Mediterranean Diet in Predementia and Dementia Syndromes
V. Solfrizzi, V. Frisardi, D. Seripa, G. Logroscino, B. P. Imbimbo, G. D'Onofrio, F. Addante, D. Sancarlo, L. Cascavilla, A. Pilotto and F. Panza
Affiliation: Geriatric Unit and Gerontology-Geriatric Research Laboratory, IRCCS Casa Sollievo della Sofferenza, Viale Cappuccini 1, 71013 San Giovanni Rotondo, Foggia, Italy.
Keywords: Mediterranean diet adherence, vegetables, fruits, alcohol consumption, MUFA, PUFA, predementia syndromes, dementia, Alzheimer's disease, vascular dementia, mild cognitive impairment, age-related cognitive decline, Mediterranean diet, adherence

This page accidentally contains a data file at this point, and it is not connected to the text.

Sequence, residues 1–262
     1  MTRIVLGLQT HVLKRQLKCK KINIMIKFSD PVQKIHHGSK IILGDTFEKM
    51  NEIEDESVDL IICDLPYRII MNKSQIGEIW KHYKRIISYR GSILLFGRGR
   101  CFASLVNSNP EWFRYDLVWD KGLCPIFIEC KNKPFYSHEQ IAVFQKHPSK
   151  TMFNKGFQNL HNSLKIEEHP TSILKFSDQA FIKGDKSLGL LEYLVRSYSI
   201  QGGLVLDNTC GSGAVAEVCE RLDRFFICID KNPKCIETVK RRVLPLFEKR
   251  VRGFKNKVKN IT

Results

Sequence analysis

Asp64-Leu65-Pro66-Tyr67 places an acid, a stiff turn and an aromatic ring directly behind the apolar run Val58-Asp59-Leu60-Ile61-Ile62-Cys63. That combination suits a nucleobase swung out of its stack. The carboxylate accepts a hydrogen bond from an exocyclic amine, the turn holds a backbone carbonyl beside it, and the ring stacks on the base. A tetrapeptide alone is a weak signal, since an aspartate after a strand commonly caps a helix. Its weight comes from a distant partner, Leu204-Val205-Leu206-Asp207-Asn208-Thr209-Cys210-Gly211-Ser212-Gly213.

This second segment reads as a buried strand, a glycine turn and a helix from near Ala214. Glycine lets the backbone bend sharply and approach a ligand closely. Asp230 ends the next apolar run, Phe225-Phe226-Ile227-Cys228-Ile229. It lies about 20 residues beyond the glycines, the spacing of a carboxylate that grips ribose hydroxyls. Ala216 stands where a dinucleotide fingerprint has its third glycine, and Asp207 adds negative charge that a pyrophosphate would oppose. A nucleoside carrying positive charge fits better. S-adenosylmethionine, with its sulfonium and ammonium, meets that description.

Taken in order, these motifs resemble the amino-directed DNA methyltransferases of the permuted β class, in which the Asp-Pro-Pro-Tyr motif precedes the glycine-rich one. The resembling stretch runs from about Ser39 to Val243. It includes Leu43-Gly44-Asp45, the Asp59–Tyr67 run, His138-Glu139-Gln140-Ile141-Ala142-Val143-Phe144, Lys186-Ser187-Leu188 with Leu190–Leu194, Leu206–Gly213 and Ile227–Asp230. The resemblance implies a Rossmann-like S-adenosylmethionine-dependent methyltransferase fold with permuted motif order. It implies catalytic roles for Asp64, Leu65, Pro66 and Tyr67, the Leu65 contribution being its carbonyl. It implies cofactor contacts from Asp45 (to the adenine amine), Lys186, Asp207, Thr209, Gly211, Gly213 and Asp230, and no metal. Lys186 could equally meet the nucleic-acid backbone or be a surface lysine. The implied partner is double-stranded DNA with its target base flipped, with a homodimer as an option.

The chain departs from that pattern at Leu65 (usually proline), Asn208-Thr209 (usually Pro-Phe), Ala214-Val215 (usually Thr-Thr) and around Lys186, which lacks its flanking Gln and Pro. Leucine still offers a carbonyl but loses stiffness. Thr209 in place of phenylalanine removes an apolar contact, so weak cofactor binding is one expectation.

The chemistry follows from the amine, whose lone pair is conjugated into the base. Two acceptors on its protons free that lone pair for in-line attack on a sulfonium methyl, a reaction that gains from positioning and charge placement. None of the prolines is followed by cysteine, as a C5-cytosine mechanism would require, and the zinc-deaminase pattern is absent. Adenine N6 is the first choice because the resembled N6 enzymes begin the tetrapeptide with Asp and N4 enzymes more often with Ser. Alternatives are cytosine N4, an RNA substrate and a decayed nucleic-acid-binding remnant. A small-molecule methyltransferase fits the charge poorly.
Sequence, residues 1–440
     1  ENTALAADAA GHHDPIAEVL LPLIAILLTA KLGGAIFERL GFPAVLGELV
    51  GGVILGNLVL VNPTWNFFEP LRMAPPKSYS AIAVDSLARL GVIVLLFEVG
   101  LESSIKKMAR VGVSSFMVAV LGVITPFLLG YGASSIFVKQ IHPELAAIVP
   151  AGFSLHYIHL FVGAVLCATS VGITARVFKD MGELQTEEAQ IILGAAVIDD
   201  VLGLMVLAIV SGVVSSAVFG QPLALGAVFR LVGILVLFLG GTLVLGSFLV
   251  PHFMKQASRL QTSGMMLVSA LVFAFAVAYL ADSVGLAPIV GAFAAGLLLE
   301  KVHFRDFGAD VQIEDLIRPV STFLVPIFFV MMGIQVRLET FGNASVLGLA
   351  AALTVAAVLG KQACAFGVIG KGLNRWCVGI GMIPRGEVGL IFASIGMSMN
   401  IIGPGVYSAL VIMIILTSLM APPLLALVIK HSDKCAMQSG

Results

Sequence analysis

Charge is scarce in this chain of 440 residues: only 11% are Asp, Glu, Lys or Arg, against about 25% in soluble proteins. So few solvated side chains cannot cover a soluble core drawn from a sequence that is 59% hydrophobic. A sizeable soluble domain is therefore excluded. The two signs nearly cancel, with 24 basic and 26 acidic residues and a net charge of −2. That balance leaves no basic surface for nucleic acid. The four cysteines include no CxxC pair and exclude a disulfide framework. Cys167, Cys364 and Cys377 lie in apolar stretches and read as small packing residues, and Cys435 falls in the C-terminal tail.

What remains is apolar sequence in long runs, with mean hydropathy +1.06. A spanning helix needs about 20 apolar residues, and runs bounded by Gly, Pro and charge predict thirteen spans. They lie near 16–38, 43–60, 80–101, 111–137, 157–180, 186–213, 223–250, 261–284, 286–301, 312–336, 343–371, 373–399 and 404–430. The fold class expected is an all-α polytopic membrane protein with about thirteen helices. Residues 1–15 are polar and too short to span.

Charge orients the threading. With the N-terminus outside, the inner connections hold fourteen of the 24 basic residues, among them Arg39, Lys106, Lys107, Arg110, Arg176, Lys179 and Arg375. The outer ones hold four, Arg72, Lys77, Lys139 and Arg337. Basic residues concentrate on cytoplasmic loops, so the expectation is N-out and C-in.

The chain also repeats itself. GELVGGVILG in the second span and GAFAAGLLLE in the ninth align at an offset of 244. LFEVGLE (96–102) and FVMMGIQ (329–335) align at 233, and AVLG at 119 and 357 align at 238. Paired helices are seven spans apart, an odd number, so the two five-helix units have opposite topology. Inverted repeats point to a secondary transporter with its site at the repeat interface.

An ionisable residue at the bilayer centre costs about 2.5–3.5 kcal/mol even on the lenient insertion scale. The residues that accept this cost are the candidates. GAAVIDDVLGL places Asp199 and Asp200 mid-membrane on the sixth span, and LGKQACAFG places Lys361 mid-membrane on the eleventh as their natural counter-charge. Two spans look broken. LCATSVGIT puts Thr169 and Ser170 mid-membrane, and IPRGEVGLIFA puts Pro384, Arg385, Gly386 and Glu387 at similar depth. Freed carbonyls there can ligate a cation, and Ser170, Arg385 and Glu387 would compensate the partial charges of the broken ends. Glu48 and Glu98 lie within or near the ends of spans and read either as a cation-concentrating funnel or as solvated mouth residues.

There is a critical need to potentially individualize new strategies able to prevent and to slow down the progression of predementia and dementia syndromes. Only recently higher adherence to a Mediterranean-type diet was associated with decreased cognitive decline although the Mediterranean diet (MeDi) combines several foods, micro- and macronutrients already separately proposed as potential protective factors against dementia and predementia syndromes. In fact, elevated saturated fatty acids could have negative effects on age-related cognitive decline and mild cognitive impairment (MCI). Furthermore, at present, epidemiological evidence suggested a possible association among fish consumption, monounsaturated fatty acids and polyunsaturated fatty acids (PUFA) (particularly, n-3 PUFA) and reduced risk of cognitive decline and dementia. Light to moderate alcohol use may be associated with a reduced risk of incident dementia and Alzheimers disease (AD), while for vascular dementia, cognitive decline, and predementia syndromes the current evidence is only suggestive of a protective effect. Finally, the limited epidemiological evidence available on fruit and vegetable consumption and cognition generally supported a protective role of these macronutrients against cognitive decline, dementia, and AD. Moreover, recent prospective studies provided evidence that higher adherence to a Mediterranean-type diet could be associated with slower cognitive decline, reduced risk of progression from MCI to AD, reduced risk of AD, and decreased all-causes mortality in AD patients. These findings suggested that adherence to the MeDi may affect not only the risk for AD, but also for predementia syndromes and their progression to overt dementia. Nonetheless, at present, no definitive dietary recommendations are possible. However, high levels of consumption of fats from fish, vegetable oils, non-starchy vegetables, low glycemic fruits, and diet low in foods with added sugars and with moderate wine intake should be encouraged. In fact, this dietary advice is in accordance with recommendations for lowering the risk of cardiovascular disease, obesity, diabetes, and hypertension and might open new ways for the prevention and management of cognitive decline and dementia.
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